Sign up for our daily briefing

Make your busy days simpler with Axios AM/PM. Catch up on what's new and why it matters in just 5 minutes.

Please enter a valid email.

Please enter a valid email.

Subscription failed
Thank you for subscribing!

Catch up on coronavirus stories and special reports, curated by Mike Allen everyday

Catch up on coronavirus stories and special reports, curated by Mike Allen everyday

Please enter a valid email.

Please enter a valid email.

Subscription failed
Thank you for subscribing!

Denver news in your inbox

Catch up on the most important stories affecting your hometown with Axios Denver

Please enter a valid email.

Please enter a valid email.

Subscription failed
Thank you for subscribing!

Des Moines news in your inbox

Catch up on the most important stories affecting your hometown with Axios Des Moines

Please enter a valid email.

Please enter a valid email.

Subscription failed
Thank you for subscribing!

Minneapolis-St. Paul news in your inbox

Catch up on the most important stories affecting your hometown with Axios Twin Cities

Please enter a valid email.

Please enter a valid email.

Subscription failed
Thank you for subscribing!

Tampa Bay news in your inbox

Catch up on the most important stories affecting your hometown with Axios Tampa Bay

Please enter a valid email.

Please enter a valid email.

Subscription failed
Thank you for subscribing!

Charlotte news in your inbox

Catch up on the most important stories affecting your hometown with Axios Charlotte

Please enter a valid email.

Please enter a valid email.

Subscription failed
Thank you for subscribing!

Please enter a valid email.

Please enter a valid email.

Subscription failed
Thank you for subscribing!

President Trump at a news conference following his second summit with North Korean leader Kim Jong-un. Photo: Tuan Mark via Getty Images

President Trump caught the world by surprise once again yesterday with a decision not to sign a deal with his North Korean counterpart, Chairman Kim Jong-un, in Hanoi, Vietnam.

The big picture: While walking away is a common tactic in working-level negotiation, what happened in Hanoi was a rare case and the least expected outcome. Nonetheless, it might have been a much-needed reality check, not a failure, for both sides in the still-early stages of a long process of negotiation.

Between the lines: The U.S. negotiators publicly admitted before the Hanoi meetings that the two countries had not yet reached consensus on a number of key concepts, nor on much of the timing and sequencing details for denuclearization and corresponding measures. In Hanoi, the two leaders continued to find more divergence than consensus.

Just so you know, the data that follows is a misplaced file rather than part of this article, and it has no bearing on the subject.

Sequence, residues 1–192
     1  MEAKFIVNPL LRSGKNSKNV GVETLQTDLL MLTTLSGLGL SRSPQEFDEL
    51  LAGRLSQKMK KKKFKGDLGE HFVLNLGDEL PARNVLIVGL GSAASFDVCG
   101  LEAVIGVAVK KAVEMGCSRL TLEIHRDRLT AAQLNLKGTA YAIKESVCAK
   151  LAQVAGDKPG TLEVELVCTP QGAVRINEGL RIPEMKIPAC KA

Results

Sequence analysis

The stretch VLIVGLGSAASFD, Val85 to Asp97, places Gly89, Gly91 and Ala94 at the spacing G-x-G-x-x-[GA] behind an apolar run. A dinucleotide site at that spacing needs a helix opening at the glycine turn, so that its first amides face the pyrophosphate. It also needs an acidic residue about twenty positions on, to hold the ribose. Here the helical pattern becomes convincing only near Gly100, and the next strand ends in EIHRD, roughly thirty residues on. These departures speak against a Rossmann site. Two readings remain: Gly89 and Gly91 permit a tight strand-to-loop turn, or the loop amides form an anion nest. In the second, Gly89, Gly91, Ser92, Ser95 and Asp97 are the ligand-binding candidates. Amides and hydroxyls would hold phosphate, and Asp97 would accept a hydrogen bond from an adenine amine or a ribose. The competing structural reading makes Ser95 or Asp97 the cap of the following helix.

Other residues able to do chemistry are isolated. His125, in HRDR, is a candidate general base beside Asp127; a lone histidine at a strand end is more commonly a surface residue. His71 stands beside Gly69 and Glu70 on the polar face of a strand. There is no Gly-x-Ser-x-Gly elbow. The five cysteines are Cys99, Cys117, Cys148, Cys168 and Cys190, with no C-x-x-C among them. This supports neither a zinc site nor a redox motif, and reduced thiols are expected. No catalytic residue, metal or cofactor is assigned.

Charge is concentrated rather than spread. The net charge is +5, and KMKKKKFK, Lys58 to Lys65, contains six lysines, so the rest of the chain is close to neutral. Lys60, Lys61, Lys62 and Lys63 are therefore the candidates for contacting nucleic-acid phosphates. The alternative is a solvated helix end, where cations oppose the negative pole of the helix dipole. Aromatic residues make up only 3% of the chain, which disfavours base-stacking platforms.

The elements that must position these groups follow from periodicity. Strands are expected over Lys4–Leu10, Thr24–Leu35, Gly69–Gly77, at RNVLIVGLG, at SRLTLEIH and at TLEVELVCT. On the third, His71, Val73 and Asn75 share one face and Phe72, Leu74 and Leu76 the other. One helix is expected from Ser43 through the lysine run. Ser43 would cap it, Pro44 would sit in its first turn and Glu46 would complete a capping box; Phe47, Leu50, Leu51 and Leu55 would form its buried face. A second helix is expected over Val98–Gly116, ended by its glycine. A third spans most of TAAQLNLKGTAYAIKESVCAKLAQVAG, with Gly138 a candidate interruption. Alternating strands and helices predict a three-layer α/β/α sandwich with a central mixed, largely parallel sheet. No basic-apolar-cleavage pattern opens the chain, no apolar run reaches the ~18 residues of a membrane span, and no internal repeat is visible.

Yes, but: A failure to reach an agreement is not necessarily a failure of diplomacy. Trump could have left Hanoi with a deal of any kind just for the sake of it, but he decided that no deal was better than an insubstantial one that could hamper future negotiations.

  • By doing so, he not only appeared as a tough negotiator to his North Korean counterpart, but also shielded himself from the potential criticism of a bad deal, affording him more domestic political slack than the alternative might have.
  • His decision also sends a warning signal to North Korea that he will not let the country continue to set the tone and pace for the negotiations.

The bottom line: A return to hostility or to the path of war remains unlikely, as both sides are still committed to a diplomatic solution. The negotiations will resume sooner or later, and the misfortune in Hanoi might impart a different kind of momentum to what is destined to be a fluctuating, arduous diplomatic process.

Gi-Wook Shin is the William J. Perry Professor of Contemporary Korea and director of the Walter H. Shorenstein Asia-Pacific Research Center at Stanford University.

Go deeper

In photos: D.C. and U.S. states on alert for pre-inauguration violence

National Guard troops stand behind security fencing with the dome of the U.S. Capitol Building behind them, on Jan. 16. Photo: Kent Nishimura / Los Angeles Times via Getty Images

Security has been stepped up in Washington, D.C., and state capitols across the U.S. as authorities brace for potential violence this weekend.

Driving the news: Following the Jan. 6 insurrection at the U.S. Capitol by some supporters of President Trump, the FBI has said there could be armed protests in D.C. and in all 50 state capitols in the run-up to President-elect Joe Biden's inauguration Wednesday.

11 hours ago - Politics & Policy

The new Washington

Illustration: Sarah Grillo/Axios

The Axios subject-matter experts brief you on the incoming administration's plans and team.

Rep. Lou Correa tests positive for COVID-19

Lou Correa. Photo: Tom Williams/CQ-Roll Call, Inc via Getty Images

Rep. Lou Correa (D-Calif.) announced on Saturday that he has tested positive for the coronavirus.

Why it matters: Correa is the latest Democratic lawmaker to share his positive test results after last week's deadly Capitol riot. Correa did not shelter in the designated safe zone with his congressional colleagues during the siege, per a spokesperson, instead staying outside to help Capitol Police.